We investigated the differences in response rates and the presence of response bias in two randomized surveys of prescribing intentions for statins and asthma.
Study Design and Setting
We conducted the surveys of British general practitioners (GPs) in 2002. The two surveys had similar designs, formats, administration time, administration methods, and target populations. We compared the response rates to the two surveys while controlling for the characteristics of respondents with nonrespondents. We also compared early respondents with late respondents and assessed heterogeneity in the answers of early and late respondents to two key questions.
The response rates to the two surveys were significantly different (statins: 27%; asthma: 19%; P=0.002). We found no interaction between the survey type and any of the GP and practice characteristics we examined. The GPs' answers to the key questions did not differ regardless of the timing of the responses.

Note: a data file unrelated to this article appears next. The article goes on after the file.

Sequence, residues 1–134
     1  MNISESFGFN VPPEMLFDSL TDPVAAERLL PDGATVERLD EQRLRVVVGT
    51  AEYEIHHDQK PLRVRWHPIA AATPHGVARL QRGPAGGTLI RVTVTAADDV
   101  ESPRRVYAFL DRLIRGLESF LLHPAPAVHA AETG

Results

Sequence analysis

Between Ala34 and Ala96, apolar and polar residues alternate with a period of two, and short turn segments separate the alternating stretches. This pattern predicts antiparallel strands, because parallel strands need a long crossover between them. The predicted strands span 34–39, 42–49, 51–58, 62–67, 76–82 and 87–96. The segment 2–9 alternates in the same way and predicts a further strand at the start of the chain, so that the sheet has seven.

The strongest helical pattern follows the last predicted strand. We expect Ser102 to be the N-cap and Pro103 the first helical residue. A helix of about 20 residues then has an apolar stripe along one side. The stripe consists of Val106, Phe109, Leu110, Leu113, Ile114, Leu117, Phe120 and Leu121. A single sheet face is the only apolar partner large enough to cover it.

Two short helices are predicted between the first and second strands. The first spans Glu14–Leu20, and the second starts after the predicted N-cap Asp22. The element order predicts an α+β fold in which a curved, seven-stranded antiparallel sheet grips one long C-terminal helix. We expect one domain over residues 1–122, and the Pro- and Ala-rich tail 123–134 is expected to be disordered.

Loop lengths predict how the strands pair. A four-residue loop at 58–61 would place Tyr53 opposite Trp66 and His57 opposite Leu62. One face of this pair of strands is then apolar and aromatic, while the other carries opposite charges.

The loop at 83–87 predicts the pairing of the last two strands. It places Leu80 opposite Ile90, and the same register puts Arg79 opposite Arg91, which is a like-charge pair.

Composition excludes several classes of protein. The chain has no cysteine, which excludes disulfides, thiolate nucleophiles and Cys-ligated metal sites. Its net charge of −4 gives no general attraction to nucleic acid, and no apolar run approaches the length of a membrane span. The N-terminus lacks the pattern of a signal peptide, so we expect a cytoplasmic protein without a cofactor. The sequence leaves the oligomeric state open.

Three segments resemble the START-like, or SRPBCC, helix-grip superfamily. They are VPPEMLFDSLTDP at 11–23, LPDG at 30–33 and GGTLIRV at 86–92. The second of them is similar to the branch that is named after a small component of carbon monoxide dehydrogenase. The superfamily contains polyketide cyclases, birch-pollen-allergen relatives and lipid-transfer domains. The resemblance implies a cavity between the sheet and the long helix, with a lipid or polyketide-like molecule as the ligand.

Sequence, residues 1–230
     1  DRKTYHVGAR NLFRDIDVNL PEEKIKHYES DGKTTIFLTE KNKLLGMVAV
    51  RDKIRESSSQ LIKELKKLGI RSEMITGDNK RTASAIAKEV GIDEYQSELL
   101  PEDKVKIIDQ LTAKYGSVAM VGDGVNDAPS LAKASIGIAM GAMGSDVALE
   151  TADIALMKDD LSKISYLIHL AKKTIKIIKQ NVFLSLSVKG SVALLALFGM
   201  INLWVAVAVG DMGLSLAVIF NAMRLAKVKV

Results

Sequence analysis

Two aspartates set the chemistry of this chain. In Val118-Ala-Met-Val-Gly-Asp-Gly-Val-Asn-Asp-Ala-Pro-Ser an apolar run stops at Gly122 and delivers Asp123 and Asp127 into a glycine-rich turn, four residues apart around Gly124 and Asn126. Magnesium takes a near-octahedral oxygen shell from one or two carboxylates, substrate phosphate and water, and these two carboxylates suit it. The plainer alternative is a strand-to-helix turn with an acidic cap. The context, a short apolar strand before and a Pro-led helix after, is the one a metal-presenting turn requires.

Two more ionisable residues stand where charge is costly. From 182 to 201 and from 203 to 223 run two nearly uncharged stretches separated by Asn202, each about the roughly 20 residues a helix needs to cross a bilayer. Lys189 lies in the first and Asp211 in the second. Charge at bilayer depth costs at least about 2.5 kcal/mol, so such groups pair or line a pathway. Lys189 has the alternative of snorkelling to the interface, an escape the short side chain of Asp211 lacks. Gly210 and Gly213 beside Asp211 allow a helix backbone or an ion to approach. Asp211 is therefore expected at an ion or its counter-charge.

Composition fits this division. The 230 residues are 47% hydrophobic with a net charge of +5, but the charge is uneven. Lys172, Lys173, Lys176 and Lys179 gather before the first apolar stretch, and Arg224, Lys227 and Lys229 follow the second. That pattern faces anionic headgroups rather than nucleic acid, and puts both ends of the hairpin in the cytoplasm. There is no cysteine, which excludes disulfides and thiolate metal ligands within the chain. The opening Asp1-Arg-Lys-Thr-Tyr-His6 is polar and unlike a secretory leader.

We demonstrated that the surveys' contents significantly influenced the response rates. We found no evidence that the nonrespondents would have answered the key questions differently. Future studies should investigate the mechanisms by which contents of surveys may influence response rate.
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Published online: March 25, 2008
Accepted: October 26, 2007
© 2008 Elsevier Inc. Published by Elsevier Inc. All rights reserved.